SANTA ROSA, Calif. - The Dixie Fire has become one of California's top 20 largest wildfires, with 167,430 acres burned as of Friday night. By Saturday morning, the fire had grown to 181,289 acres and containment ticked up to 19%.
It grew by 24,000 acres on Friday, and containment had stalled at 18%.
At an evening briefing, CalFire expressed concern for 7000 threatened structures as the fire burns toward Lake Almanor.
Also late Friday, Governor Newsom declared a State of Emergency in the 3 counties affected: Butte, Lassen, and Plumas.
The declaration also covers Alpine County where The Tamarack Fire is also considered a megafire at more than 100,000 acres.
"Fires of this size unfortunately seem to be the new normal," said Santa Rosa Assistant Fire Marshal Paul Lowenthal.
Santa Rosa Fire and other departments across Sonoma County have assembled strike teams to send to the Dixie Fire.
"Like many other agencies across California, we're getting used to responding to fires like this, but I think we're all eager for a break."
Only Wednesday, the Dixie fire hovered at about 60,000 acres.
"These are very challenging conditions," said CalFire Captain Matt Moreno.
"The fire seems to be outpacing the efforts, there's spotting over a mile in front of it, and that's really creating challenges for the firefighters on the ground."
Evacuations are widening, as smoke engulfs rural towns and flames grow near.
"A police officer came up and said yes it's true you have to evacuate," said Christine Clark, evacuating from her home in Crescent Mills.
"It's been up and down because this is my first time evacuating so I was unaware of what to do and felt panicked and upset at first."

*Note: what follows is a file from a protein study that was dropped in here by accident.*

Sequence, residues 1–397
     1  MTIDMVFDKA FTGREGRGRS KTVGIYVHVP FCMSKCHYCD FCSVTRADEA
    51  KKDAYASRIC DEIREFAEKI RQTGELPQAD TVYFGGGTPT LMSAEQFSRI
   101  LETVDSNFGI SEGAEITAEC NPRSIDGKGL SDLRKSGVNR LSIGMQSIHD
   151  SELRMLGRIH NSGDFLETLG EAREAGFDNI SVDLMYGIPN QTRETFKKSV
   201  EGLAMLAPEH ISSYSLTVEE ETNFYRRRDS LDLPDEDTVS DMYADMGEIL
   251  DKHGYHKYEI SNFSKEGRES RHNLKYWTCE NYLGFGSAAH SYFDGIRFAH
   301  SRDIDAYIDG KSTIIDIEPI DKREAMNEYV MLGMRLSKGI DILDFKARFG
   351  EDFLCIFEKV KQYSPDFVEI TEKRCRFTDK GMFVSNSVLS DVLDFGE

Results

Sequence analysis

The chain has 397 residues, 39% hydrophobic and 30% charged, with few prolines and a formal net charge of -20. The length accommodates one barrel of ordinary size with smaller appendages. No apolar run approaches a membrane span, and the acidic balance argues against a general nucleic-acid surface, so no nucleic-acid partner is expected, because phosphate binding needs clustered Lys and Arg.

Added evacuee Savhanna Vargas of Greenville,"it was a little stressful as we drove out because everything is orange and you see flames and you see smoke."
The Emergency Declaration clears the way for more resources and community assistance.
There are more than 4,000 firefighters dedicated to the Dixie fire, hardening lines, setting backfires, and protecting property. Only eight structures have burned.
"But that could be someone's barn, and maybe in the barn is their tractor they use to operate their farm," noted Bob Chandler, a local fire survivor from Larkfield outside Santa Rosa.
"My parents lost their home, my grandparents lost their home," said Chandler, remembering 2017's devastating Tubbs Fire,
As a building contractor, Chandler has rebuilt several homes for fire survivors.
He feels a connection to the chaos unfolding in the north state.
"Proximity doesn't matter, it could be a mile away or a thousand miles away," said Chandler.
"Someone, somewhere is in fear of losing their family or their home or their community."
With dry lightning possible for the North Bay in the upcoming week, local fire agencies have to make sure they're not stretched too thin.
"Hopefully we remain quiet, here locally," said Lowenthal.
"We don't want to see fires anywhere, but when there is a need we will continue to support efforts around California."